- Annotations, comments and file attachments

-Analysis results as query-able visual objects

Supports Archiving (data moving to another long-term storage but still searchable)

Facilitates custom visualization and analysis

- Access data from preferred analysis and visualization tools

- Access relevant bits of data to build efficient web and mobile application

Facilitate easy access to analysis and visualization applications hosted on other servers

- Run analysis on dedicated compute clusters

- Access applications hosted and published by other users

Highly Scalable

- Supports on-the-fly addition of server nodes to scale concurrent usage




Fit a model for the growth of yeast cells


This notebook uses the rOMERO-gateway and EBImage to process an Image associated to the paper 'Timing of gene expression in a cell-fate decision system'.

The Image "Pos22" is taken from the dataset idr0040-aymoz-singlecell/experimentA/YDA306_AGA1y_PRM1r_Mating. It is a timelapse Image with 42 timepoints separated by 5 minutes. This Image is used to fit a model for the growth of the yeast cells. The notebook does not replicate any of the analysis of the above mentioned paper.

Its purpose is mainly to demonstrate the use of Jupyter, rOMERO-gateway and EBimage.


What it does:

  • For each time point of one movie:
    • Read the image for this time point  from the IDR
    • Threshold the images and count the cells using EBimage functions
  • Fit an exponential model to the count of cells against time to get a coefficient of grow (exponential factor)




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Cell or particle counting and scoring the percentage of stained objects


This one example workflow from the Cell Profiler(CP)  Examples . CP is commonly used to count cells or other objects as well as percent-positives, by measuring the per-cell staining intensity. This pipeline shows how to do both of these tasks, and demonstrates how various modules may be used to accomplish the same result. 

In a few words, it used the IdentifyPrimaryObject module of CellProfiler to detect nuclei from a channel (e.g DAPI), then again the same module on another channel to detect another probe (e.g some particular histone)  .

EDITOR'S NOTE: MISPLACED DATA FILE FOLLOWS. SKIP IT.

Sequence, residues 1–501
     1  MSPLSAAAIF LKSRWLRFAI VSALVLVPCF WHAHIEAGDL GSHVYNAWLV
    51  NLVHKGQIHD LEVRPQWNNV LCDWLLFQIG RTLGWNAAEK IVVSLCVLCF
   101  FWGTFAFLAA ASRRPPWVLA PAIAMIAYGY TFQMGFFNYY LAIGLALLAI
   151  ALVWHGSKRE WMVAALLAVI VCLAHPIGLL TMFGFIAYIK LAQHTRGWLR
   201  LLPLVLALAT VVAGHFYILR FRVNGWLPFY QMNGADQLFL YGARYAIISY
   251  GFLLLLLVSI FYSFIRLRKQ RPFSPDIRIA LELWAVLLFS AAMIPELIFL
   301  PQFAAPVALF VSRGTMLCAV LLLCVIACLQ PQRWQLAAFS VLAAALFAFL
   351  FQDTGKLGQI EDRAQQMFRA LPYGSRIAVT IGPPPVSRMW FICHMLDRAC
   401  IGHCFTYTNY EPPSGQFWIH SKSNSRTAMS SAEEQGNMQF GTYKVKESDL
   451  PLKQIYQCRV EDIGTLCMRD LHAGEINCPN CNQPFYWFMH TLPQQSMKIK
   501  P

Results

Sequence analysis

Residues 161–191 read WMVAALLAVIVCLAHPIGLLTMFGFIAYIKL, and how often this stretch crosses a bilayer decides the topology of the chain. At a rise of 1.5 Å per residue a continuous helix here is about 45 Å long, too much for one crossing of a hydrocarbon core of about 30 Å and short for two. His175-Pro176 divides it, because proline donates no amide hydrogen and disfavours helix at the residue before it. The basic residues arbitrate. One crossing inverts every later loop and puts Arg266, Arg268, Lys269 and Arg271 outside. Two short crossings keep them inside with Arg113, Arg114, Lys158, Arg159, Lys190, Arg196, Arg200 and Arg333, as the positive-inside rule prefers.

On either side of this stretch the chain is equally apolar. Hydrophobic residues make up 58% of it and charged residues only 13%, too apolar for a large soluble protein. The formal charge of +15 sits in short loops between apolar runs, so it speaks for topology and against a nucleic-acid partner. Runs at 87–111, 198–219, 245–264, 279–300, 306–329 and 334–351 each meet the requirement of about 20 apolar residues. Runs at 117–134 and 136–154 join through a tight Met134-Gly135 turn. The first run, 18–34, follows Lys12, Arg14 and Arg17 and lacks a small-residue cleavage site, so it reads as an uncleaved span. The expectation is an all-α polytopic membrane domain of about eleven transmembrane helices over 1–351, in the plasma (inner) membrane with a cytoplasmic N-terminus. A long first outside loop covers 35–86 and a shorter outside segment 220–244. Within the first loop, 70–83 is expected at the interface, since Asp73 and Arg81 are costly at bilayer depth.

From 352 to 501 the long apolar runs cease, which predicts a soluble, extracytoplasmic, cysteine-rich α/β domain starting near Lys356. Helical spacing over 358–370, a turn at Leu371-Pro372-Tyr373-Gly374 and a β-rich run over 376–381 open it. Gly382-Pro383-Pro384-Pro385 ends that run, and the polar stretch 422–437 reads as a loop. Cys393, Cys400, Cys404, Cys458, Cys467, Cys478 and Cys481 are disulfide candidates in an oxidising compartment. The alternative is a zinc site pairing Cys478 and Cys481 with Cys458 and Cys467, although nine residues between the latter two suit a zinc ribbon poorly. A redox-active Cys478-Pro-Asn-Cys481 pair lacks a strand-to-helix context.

Then objects (nuclei) are related to the second object (Histone), to create a parent child-relation ship: where nuclei can have histone has child. Nuclei are then filtered according to the property of having histone (positive) or not having histone (negtiveobject) related to them.  If needed, nuclei can be expanded in order to include touching object rather than object inside only.

The percentage of positive nuclei vs total number of nuclei can then be computed using the CalculateMath Module.


Cell or particle Counting and scoring stained objects using CellProfiler


This is a Jupyter notebook demonstrating the run of a code from IDR data sets by loading a CellProfiler Pipeline 

The example here is applied on real data set, but does not correspond to a biological question. It aims to demonstrate how to create a jupyter notebook to process online plates hosted in the IDR.

It reads the plate images from the IDR.

It loads the CellProfiler Pipeline and replace the reading modules used to read local files from this defaults pipeline by module allowing to read data remotely accessible.

It creates a CSV file and displays it in the notebook.

It makes some plot with Matplotlib.





Python/C++ port of the ImageJ extension TurboReg/StackReg written by Philippe Thevenaz/EPFL.

A python extension for the automatic alignment of a source image or a stack (movie) to a target image/reference frame.

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Temporal Medial Filter


This component can be used to find moving foreground features, which can be a powerful way to suppress false background detections in subsequent tracking steps.

set time window, and standard deviations above background for foreground time window should be more than 2x larger than time taken for a feature to traverse a pixel (NB. total window is 2x half-width +1) moving foreground identified by intensity increase relative to background average (i.e. median) for a pixel over a given time window "soft" segmentation, yielding foreground probability related to excess intensity (in standard deviations) over background level crude Anscombe transform applied to data to stabilize the variance